UNH Center for the Humanities

National Endowment for the Humanities

 

UNH Receives NEH Grant to Establish Center for New England Culture

By Erika Mantz
603-862-1567
UNH News Bureau

May 1, 2002


DURHAM, N.H. The National Endowment for the Humanities has awarded the University of New Hampshire $378,900 to establish a Center for New England Culture to promote research, education, public outreach, and preservation projects in the humanities concerning the rich historical and contemporary culture of the six New England states.

This grant, one of nine awarded to establish regional culture centers across the country, will be matched through donations 3-to-1 to establish a permanent endowment. Housed in the existing Center for the Humanities, the Center for New England Culture will be directed by Professor David Watters, the James H. Hayes and Claire Short Hayes Chair in the Humanities.

"As a land grant university, UNH is committed to serving the public," says David Hiley, provost and vice president for academic affairs. "The Center for New England Culture is an opportunity for us to assemble all the great work that is already being done, from climate study and maritime history to education and outreach, and to increase understanding of the significance of New England's past and its importance today."

In its first years, the Center for New England Culture will host national conferences on New England Identities (2002), New England Literatures (2003), and New England Environments (2004). In collaboration with the six state humanities councils, the center also will sponsor a lecture series, "New England's Voices, Places, and Peoples."

"Regional culture is remarkably persistent in New England, and many Americans associate core democratic values with its six states," Watters says. "To increase understanding of the significance of New England's past and the value of its diverse contemporary culture, the Center for New England Culture will be a collaborative hub for educators, organizations and the general public. With its strong record of regional scholarship and teaching and its central location, UNH is an ideal site for the center."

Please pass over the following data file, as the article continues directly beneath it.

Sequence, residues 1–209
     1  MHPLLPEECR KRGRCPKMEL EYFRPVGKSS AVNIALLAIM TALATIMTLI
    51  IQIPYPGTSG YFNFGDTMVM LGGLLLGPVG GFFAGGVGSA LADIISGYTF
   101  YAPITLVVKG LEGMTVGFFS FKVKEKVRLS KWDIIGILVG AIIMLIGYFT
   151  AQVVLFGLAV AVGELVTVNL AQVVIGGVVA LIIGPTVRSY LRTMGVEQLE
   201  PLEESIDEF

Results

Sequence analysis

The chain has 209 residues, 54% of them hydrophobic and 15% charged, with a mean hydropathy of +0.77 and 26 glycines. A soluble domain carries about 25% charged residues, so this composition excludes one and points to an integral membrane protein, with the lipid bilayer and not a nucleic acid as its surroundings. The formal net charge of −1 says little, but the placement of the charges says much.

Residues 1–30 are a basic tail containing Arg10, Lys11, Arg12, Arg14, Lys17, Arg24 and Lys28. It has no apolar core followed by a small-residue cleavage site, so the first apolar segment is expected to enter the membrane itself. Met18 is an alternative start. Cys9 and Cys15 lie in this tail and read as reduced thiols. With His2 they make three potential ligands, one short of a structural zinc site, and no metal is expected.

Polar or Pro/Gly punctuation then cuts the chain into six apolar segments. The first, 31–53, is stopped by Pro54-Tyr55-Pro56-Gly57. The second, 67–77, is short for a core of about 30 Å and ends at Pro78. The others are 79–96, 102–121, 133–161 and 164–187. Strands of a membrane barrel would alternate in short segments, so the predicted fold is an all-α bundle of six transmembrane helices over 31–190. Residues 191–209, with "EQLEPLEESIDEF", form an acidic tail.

Watters says the center will offer teacher institutes and conferences designed to strengthen the core content of the curriculum on regional culture, especially its historically significant ethnic communities. Marilyn Hoskin, dean of UNH's College of Liberal Arts, says it will build on the wide range of strengths the university has in these areas.

"We plan to expand our work in historical, social and environmental studies in New England to capture the rich character of this region for its residents and those who visit, study, or just want to know about this important part of the country," she says. "I am delighted that scholars and students will have new opportunities to bring their fascinating research to the broader population through museums, performances and written work on what makes New England special."

In addition, college and university faculty and Cooperative Extension Services will work together through projects on the history of 4-H and on building social capital in local communities. Additional outreach projects will include the development of a Web site with a New England timeline and a regional humanities curriculum database, publications, and research interest groups.

"I've always been convinced that place matters," says Burt Feintuch, director of UNH's Center for the Humanities. "Regions are one way people ground themselves, relate to others, and, ideally, develop an ethic of stewardship for features of life -- social, cultural and environmental -- that matter to them. The new Center for New England Culture will be an incubator for new ways of thinking and new projects of value to the region. In the spirit of a land-grant institution, it will also emphasize programming at the grass roots, working in communities and with organizations across the six New England states."

For further information, contact David Watters at (603) 862-3983 or dhw@cisunix.unh.edu.

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